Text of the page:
in spirituality

Dear Anna-Teresa

This is one of those topics that I didn’t foresee myself wanting to write about when I created this blog. But nonetheless, here goes: celibacy.

I’ll preface this post by stating that I recommend skimming BBC’s article before delving into my ramblings.

Yesterday, BBC One aired a 30-minute documentary on some recently-publicized correspondence between Anna-Teresa Tymieniecka (an American academic & phenomenologist) and Karol Wojtyla (Pope John Paul II). I was privileged to wake up from my sickness-induced nap just in time to catch the live broadcast of the brief exposé.

Setting aside the media’s sensationalism, we’re left with this basic outline:

  1. Correspondence between Anna-Teresa Tymieniecka & Pope John Paul II began after Anna-Teresa contacted then-Archbishop Karol Wojtyla with comments regarding a book of philosophy that he had written.
  2. Their shared love of phenomenological philosophy (say that twice backwards!) propelled them into a professional collaboration on an expanded edition of the aforementioned book of philosophy.
  3. Soon enough, their relationship blossomed into a beautiful friendship.
  4. Romantic feelings?
Cardinal Karol with Anna-Teresa Tymieniecka on a skiing trip.

Cardinal Karol with Anna-Teresa Tymieniecka on a skiing trip.

Yes, that’s right! There’s no evidence to suggest that John Paul ever broke his vow of celibacy, but we are left with the vague impression that there was a real struggle with mutual attraction between Anna-Teresa, a married woman, and the archbishop. It would be superfluous for me to illustrate the whole breadth of their correspondence, as the previously-mentioned BBC article does an excellent job of sorting out the emotional high points of the letters. However, I will leave here a brief segment of one of Karol’s letters to Anna-Teresa:

I am thinking about you, and in my thoughts I come to Pomfret every day. Our mutual homeland; so many places where we met, where we had conversations which were so important to us, where we experienced the beauty of God’s presence.

In fairness, we can only speculate. But for the sake of this little reflection, let’s make an assumption:

Let’s assume that they were in love.

First off, I want to re-frame the question, “can celibate people fall in love?” as “can celibate people not fall in love?”. The fact of the matter is that everybody falls in love at some point or another. James Martin, a Catholic priest and former chaplain of Colbert Nation, puts it best when he states in an article on vows:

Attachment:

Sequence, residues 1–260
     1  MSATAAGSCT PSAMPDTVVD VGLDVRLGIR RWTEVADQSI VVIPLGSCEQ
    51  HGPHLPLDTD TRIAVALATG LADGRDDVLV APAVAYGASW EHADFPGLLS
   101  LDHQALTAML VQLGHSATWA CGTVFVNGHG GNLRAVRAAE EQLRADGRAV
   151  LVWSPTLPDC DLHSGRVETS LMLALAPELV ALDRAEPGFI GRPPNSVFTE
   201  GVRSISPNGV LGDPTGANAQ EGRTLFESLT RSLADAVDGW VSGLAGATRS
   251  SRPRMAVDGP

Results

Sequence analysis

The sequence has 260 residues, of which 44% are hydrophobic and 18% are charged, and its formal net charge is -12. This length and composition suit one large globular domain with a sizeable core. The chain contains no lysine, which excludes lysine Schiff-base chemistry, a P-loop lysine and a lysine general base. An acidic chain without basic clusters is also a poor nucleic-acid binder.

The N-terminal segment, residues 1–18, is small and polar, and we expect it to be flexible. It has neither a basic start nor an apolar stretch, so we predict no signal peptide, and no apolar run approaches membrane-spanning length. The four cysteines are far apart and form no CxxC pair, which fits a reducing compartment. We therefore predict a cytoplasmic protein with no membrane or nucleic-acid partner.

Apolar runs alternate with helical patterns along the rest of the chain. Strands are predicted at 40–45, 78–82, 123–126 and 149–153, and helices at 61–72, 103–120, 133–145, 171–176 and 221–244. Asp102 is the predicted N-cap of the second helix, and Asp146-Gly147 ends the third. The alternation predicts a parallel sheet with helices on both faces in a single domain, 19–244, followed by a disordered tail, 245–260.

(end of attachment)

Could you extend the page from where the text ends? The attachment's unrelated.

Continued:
If you didn’t fall in love, there would probably be something wrong with you. Falling in love and being in love are both gifts from God.

If the unique goal of celibacy is to love many people intimately, how can one expect that the celibate would never fall in love? James Martin continues:

It’s a question of what you do when you fall in love as a celibate. Do you deny or repress the feelings and become twisted and frustrated, or do you try to integrate them into your chaste life?

I am grateful for the unveiling of these new letters, because it reveals a beautifully human aspect of the late Pontiff’s life. To what degree, if any, John Paul struggled with the romantic undercurrents of his relationship with Anna-Teresa we may never know. The grace in this situation lies in both of the persons’ ability to ultimately remain faithful to their own vocations in life.

This plot-line is reproduced in the generously cheesy rom-com 'Keeping the Faith' (2000).

This plot-line is reproduced in the generously cheesy Edward Norton / Ben Stiller rom-com “Keeping the Faith” (2000).

As for me, I have been living the ‘celibate life’ for 1½ years as of this posting. During this time, I have been discerning (thinking strongly about) making a life-long commitment to poverty, celibacy, and obedience. It has most definitely been a trip. Certainly, being voluntarily ‘alone’ has taught me a few lessons about being ‘lonely’. At the same time, being alone has taught me many more lessons about being fulfilled and comfortable with myself. Regardless of our status as married people, celibate people, single people, and everywhere-in-between people, there is a human certainty: we all need intimate relationships in our lives.

So then, let us all be thankful for the gift of people who love us. May you, I, & all people love each other with meaningful passion.

Special thanks to my wonderful friend Will Pfrang for providing some of the inspiration for this post in a recent conversation. Through his great love for people, he runs an excellent on-hire music therapy program in Southeastern Wisconsin called HEALING MUSICIANS. He can be reached at Treat yourself by giving his musician page a ‘like’ on FacebookI cannot give any higher praise for his service to nursing homes, group homes, rehabilitation programs, schools, and much more!

Thoughts, questions, counter-attacks? Leave a comment below!